Our community isn’t building Black Rock City this year, but we know some of you may still be itching to breathe in that dusty playa air.
In recognition of the impacts of the global health crisis we are all facing, and to help maintain positive relationships with local Nevada communities, Burning Man Project highly discourages people visiting the Black Rock Desert in the immediate future. Read on for more information.
IMPACT ON THE LOCAL COMMUNITIES
For nearly three decades, the Burning Man community has been a partner with, and had an impact on, the communities between Reno and Gerlach. We are lucky to have positive collaborations and relationships in these communities. This is a moment where we must all think beyond ourselves and understand our impact on the collective.
The rural communities in Northern Nevada often have fewer local resources and a higher distance for access to advanced health care. As a community and culture, we must do our part to help flatten the curve and not spread the coronavirus to our neighbors and friends in Nevada.
Remember too that different communities, and different individuals in those communities, may have contrasting preferences and ideas about visitors. Some may want the increased tourism, and others may not want outsiders.
For more information from these communities, be sure to consult these resources:
THE PLAYA MIGHT BE CLOSED OR IMPASSABLE
We have been advised by the Bureau of Land Management that they may close the playa during the weeks before and during the original Black Rock City 2020 dates. Be sure to check BLM’s website or the latest information. It’s critically important that we all comply with BLM restrictions and regulations. It is also possible the road into the area may have a roadblock allowing only locals with ID. Unauthorized camping on the playa can put you and our community at risk.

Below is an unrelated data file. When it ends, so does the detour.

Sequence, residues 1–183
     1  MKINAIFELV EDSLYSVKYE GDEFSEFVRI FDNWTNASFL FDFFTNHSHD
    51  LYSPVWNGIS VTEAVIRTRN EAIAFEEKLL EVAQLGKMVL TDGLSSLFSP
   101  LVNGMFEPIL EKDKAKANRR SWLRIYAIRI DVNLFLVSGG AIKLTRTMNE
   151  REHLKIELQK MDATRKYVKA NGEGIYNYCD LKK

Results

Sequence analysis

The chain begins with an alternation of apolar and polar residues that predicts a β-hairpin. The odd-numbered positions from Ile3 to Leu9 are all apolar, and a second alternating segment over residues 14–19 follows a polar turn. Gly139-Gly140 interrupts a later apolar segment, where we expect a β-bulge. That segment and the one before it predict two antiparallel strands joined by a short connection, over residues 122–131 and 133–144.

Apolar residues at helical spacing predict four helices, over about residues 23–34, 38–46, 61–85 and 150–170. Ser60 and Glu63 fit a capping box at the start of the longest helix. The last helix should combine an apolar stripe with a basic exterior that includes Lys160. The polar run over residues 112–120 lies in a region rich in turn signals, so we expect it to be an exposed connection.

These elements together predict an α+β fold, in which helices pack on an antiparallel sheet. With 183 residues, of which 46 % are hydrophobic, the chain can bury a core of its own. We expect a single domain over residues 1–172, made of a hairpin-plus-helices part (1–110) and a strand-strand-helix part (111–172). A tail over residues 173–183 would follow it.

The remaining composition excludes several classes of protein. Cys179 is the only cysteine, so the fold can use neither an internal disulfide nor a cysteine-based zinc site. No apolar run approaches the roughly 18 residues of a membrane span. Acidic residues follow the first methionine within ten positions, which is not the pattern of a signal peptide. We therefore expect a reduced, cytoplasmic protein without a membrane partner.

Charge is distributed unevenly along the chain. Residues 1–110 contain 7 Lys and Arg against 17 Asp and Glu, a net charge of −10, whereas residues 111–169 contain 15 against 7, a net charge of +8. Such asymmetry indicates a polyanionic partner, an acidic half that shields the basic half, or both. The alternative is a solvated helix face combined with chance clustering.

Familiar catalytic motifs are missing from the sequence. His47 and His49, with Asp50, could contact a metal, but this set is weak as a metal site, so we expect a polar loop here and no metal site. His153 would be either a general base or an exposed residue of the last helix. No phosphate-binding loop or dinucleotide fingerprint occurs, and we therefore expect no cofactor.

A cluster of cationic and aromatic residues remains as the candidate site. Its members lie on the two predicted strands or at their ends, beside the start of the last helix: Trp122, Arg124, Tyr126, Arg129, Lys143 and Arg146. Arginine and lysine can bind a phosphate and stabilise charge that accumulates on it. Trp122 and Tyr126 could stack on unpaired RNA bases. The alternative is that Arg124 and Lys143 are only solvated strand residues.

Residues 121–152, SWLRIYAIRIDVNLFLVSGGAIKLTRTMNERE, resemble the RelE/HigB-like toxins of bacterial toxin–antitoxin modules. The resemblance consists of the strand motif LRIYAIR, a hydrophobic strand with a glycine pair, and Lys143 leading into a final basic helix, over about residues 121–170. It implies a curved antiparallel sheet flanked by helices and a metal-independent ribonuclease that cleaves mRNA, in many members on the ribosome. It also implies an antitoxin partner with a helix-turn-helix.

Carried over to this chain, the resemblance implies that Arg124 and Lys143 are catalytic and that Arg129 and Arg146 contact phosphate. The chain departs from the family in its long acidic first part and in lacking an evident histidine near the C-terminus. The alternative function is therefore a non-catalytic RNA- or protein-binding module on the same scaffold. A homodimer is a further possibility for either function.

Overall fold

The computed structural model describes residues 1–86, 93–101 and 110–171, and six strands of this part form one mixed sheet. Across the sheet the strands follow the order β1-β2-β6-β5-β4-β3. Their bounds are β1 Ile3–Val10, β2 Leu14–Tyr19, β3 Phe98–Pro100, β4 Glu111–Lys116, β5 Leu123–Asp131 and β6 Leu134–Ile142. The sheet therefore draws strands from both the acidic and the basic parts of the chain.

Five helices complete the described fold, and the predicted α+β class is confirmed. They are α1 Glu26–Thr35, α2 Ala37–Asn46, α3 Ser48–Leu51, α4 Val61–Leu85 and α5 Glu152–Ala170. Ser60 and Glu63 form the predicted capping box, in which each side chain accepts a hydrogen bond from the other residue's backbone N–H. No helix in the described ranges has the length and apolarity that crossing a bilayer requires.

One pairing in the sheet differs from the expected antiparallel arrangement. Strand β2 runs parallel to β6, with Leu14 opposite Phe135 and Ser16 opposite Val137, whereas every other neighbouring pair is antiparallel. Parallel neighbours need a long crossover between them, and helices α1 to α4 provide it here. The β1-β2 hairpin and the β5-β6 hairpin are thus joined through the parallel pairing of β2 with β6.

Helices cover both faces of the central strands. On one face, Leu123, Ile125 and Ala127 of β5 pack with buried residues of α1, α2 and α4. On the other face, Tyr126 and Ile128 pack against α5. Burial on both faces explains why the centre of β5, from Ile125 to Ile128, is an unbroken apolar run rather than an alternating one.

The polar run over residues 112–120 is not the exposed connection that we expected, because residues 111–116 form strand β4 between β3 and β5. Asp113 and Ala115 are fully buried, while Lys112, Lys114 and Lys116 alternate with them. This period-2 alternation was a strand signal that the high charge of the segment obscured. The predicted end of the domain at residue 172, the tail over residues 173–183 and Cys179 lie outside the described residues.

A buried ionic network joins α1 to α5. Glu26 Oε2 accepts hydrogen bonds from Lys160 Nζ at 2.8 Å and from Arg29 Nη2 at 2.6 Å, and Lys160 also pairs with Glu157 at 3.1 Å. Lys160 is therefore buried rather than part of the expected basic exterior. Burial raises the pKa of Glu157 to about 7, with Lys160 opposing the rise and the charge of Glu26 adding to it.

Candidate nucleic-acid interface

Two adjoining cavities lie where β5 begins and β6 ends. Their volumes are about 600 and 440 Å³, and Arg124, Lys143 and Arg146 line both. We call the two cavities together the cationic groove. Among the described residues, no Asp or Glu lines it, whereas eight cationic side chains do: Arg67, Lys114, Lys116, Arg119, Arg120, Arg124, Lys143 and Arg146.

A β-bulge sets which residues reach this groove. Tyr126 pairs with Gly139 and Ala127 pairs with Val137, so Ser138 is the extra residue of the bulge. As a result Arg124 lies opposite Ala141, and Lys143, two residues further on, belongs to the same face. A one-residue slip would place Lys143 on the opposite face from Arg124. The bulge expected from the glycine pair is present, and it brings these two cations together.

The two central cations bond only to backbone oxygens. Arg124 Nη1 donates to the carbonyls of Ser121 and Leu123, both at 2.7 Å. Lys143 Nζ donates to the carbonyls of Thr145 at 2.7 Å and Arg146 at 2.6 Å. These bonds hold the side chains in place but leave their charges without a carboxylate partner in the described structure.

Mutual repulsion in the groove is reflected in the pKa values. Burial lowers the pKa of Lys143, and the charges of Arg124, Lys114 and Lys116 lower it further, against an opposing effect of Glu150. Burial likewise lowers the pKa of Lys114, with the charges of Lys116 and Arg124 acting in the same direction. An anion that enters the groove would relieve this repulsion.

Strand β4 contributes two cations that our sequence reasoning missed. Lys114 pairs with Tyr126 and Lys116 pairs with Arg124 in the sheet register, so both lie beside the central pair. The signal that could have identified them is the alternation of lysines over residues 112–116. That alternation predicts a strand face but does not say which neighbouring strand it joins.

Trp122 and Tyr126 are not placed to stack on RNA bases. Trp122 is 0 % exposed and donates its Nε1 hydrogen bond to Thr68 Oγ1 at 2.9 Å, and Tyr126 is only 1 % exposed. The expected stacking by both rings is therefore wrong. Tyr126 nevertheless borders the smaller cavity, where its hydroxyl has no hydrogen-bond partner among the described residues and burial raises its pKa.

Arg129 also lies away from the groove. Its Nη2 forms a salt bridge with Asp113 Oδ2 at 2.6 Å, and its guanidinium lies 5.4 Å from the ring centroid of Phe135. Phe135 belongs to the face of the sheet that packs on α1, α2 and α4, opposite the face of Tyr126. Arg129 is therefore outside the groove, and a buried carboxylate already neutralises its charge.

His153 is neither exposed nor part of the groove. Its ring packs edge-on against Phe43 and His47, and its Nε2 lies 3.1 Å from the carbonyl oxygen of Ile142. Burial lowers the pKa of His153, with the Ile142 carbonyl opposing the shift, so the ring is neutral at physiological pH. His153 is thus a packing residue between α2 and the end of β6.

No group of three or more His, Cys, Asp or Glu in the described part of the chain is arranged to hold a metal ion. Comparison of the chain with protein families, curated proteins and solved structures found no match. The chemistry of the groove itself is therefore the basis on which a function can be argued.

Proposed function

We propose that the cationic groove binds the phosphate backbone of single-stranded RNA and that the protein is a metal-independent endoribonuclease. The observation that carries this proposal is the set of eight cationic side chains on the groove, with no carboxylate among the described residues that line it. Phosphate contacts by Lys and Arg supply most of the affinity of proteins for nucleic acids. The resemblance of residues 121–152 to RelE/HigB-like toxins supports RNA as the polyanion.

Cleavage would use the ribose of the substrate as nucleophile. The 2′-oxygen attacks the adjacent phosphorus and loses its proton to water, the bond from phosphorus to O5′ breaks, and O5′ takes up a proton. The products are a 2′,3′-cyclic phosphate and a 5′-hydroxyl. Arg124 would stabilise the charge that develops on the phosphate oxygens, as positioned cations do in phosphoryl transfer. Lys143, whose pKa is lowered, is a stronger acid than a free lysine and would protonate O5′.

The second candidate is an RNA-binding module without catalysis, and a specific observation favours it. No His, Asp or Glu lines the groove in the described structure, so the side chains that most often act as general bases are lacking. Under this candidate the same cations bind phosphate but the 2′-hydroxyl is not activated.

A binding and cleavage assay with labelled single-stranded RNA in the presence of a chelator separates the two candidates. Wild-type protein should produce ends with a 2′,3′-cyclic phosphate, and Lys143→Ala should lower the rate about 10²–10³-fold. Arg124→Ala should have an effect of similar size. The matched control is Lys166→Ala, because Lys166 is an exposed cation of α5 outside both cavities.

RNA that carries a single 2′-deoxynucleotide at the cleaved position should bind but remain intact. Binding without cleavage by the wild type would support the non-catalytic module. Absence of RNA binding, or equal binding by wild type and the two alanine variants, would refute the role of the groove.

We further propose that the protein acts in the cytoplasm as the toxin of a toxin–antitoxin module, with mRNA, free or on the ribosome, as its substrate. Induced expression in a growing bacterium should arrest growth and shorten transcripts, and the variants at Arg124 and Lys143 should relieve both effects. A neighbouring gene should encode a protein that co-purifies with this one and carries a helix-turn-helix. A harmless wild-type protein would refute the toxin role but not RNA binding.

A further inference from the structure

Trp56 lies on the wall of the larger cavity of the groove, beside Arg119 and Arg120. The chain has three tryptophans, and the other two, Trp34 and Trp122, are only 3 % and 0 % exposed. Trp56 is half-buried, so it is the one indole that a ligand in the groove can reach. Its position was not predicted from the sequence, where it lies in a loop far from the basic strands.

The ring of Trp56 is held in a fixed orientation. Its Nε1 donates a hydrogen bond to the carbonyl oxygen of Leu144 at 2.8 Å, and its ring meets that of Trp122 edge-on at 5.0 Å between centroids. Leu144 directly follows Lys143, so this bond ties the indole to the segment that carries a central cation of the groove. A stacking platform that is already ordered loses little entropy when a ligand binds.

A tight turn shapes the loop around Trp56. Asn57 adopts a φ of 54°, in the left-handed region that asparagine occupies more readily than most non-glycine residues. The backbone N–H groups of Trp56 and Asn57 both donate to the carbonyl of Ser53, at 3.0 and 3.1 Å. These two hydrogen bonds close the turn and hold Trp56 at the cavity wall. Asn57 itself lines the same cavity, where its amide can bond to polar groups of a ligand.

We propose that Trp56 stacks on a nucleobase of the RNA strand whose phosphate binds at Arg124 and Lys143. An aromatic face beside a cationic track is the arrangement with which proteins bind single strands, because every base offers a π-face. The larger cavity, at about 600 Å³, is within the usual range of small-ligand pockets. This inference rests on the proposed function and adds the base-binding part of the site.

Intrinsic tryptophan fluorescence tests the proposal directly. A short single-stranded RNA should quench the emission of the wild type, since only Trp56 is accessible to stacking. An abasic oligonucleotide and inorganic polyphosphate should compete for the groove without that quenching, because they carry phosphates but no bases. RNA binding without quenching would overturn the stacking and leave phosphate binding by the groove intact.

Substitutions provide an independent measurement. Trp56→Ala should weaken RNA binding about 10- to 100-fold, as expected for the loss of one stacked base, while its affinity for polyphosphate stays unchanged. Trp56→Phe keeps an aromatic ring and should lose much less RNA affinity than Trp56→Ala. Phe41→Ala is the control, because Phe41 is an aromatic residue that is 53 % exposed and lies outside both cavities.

Eight vehicles were reported hopelessly stuck in mud over Memorial Day weekend. Don’t be one of them! Getting stuck on the wet playa drains local resources when you have to get rescued, and it damages the playa surface. Remember the desert is dangerous and vast, and wet spots are where you least expect them, no matter what time of year. You could also potentially be a day’s walk from help under hot, dry conditions.
What are the current Covid restrictions in place in Nevada? Governor Sisolak has your answers here. The Nevada Division of Public and Behavioral Health is also an excellent resource (and has a great Burning Man page to boot).
You may have an impact on local businesses. The businesses in Wadsworth, Nixon, Empire, and Gerlach may not be open to visitors. We all want to support the local economy, but we also don’t want to jeopardize residents’ access to the resources closest to them, and these stores may have limited supplies. The Nixon and Wadsworth stores, on tribal lands, have controls in place and a notice on the front door.
Roads may not be open. Check the Nevada Department of Transportation (NDOT) map, website, and Twitter page for updated info on road closures and conditions. As of this writing, State Highways 445 and 446 have closures affecting non-residents and non-tribal members. Cattle-guard replacement along Highway 447 started on May 26.
How about Pyramid Lake? Pyramid Lake itself is officially closed to recreation and non-local traffic with no opening date yet set.
Please remember your choices can have ripple effects far beyond you and your group.
Check out this piece from The Sierra Nevada Ally, where Stacey Wittek, Chief Executive Officer for Friends of the Black Rock High Rock discourages rogue camping in the Black Rock Desert this season.
Please also remember that Fly Ranch is private property and is currently closed to visitors. Guided nature walks and events are canceled for the foreseeable future. Do not go to Fly Ranch! If you’re interested in visiting Fly Ranch in the future, sign up for the Fly Ranch newsletter.
We all want to be out there just as much as you do, and we hope to see you in the dust next year. Stay safe.
Top photo from Leori Gill